EXT. — DELPHIC TEMPLE, 450 BCE, HIGH NOON
Chaerephon, a jumpy, malnourished man approaches. The wise Oracle eyes him suspiciously.
Who is the wisest of men?
(pausing for effect)
There is NO MAN wiser than Socrates.
She smirks and returns into the temple.
This is a reconstruction of a real encounter. Socrates did mull over the Oracle’s ambiguous statement, and it’s what launched his career as a public intellectual in Athens. He was considered physically unattractive, with a snub nose and a pot belly, and did the reputation of the less-than-hygienic absentminded professor no favors with his rather sloppy habits. However, he became a famous, influential philosopher even in his own lifetime — and so infamous that the state ordered his execution.
Many of us are familiar with at least Socrates’ name, and might know that he was a mentor to Plato. But what exactly were his famous methods — and how are they used in education today?
An important concept for Socrates was aporia — a concept with no strict analogue today, but which could be approximated as an unresolved internal tension, brought about by raising a series of questions. For example, a student, a visiting foreign diplomat, or even a local woman (Socrates was unusually democratic for a man of his age and class) would define some concept, such as courage or virtue. Socrates would poke holes in the argument, until his sparring partner would often concede that the original statement was logically flimsy.
Even at the time, the method attracted detractors. For one, although it’s excellent at uncovering internal consistencies in an argument, it has less to say about the truth claims of the argument itself. For instance, if your child asks you why the sky is blue, and you reply, “well, it just is,” or make up some logical-seeming but ultimately false reason, that doesn’t negate the fact that the sky does indeed appear blue during the daytime. Watch this Socratica video if you want to come to this dialogue prepared.
For another, when this method isn’t judiciously employed, it can lead to certain students hogging classroom time. In a 2004 study from Harvard Law School, the investigators found some troubling disparities in who is speaking up:
The study also showed that 10 percent of students accounted for nearly half of all volunteered comments in first-year law classrooms.
That means that 90 percent of students in those classrooms at the time were barely piping up. This author was of those outspoken types — to the point that my rather strict elementary school decided to just have me skip a grade, because I had a tendency to finish my work quickly and yap away with my fellow 8-year-olds. Understandable, perhaps, but when this dynamic persists in law schools decades later, it can feel unbalanced.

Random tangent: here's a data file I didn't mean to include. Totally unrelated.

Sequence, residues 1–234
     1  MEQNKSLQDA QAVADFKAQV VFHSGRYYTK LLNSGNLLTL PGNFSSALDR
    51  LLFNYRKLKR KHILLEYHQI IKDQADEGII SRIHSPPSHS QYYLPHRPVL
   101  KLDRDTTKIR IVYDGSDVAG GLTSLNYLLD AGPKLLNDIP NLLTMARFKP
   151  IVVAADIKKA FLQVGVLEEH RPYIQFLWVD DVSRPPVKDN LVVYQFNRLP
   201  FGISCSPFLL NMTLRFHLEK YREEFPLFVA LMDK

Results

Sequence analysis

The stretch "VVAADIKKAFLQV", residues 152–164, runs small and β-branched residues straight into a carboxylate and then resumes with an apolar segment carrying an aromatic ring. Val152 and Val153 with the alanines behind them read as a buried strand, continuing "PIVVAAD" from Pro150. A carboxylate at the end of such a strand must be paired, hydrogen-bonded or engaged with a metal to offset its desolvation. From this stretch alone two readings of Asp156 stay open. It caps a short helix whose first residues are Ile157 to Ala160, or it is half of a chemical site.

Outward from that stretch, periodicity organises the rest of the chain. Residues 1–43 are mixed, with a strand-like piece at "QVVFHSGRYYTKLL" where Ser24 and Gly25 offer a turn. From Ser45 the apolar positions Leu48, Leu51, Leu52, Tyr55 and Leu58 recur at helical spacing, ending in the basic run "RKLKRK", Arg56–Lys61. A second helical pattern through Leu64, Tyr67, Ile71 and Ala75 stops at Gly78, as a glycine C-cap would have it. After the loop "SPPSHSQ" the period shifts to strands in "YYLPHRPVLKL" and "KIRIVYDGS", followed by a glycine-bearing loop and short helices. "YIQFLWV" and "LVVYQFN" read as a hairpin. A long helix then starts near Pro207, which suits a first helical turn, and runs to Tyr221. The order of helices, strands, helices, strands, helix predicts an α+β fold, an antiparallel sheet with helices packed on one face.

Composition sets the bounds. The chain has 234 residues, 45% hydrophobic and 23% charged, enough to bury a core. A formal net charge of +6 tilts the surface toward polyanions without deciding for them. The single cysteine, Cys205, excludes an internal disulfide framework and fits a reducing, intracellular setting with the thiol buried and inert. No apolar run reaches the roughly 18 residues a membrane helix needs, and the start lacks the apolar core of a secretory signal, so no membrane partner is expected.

And who are the students hanging back?
More recently, according to a 2012 study at Yale Law School, men made 58 percent of comments in the classroom, while women made 42 percent.
While progress has certainly been made in the past decade towards awareness of how the classroom can be a welcoming place for students of all backgrounds, some students will naturally hang back, whether through temperament or a phobia of public speaking. In my graduate program, one of the most diligent students and one of my friends was an international student. She confided in me that it took her a minute to gather her thoughts, and she strongly disliked the more combative nature of our classroom discussions in this course. It's important to keep these sorts of differences in mind before evaluating students' participation in Socratic-style seminars.
A lot has changed in the 2500 or so years since Socrates’ times. Slavery is outlawed. Women have legal rights as citizens. There’s no state religion in the United States mandating what gods you must worship and how to sacrifice goats accordingly. Many of these changes arose out of the Enlightenment philosophy of the 1700s, which sprang from engagement with ancient texts on the nature of freedom and human rights.
In light of this, how can you use the Socratic method in your own teaching? Here are some ideas we have from our experiences as Socratica educators:
We get lots of questions here at Socratica HQ about our name. Like the Oracle’s utterance, it might seem like a head scratcher. Where did this name come from? And how do you even begin to pronounce it?
We say it like this: So-KRAT-i-ca, as an homage to the Socratic method. We believe that learning for one’s self is ultimately the only way to truly learn anything. When watching one of our videos, we always encourage you to pause, think about what you've just learned, consider if it fits in with what you may already know, and dig into any seeming paradoxes.
Questioning your own assumptions, not worrying too much about what other people think, and knowing your own deepest convictions — these aspects of Socrates’ life and teaching methods were what inspired our company, and we hope to inspire millions of lifelong learners to attain the wisest versions of themselves possible.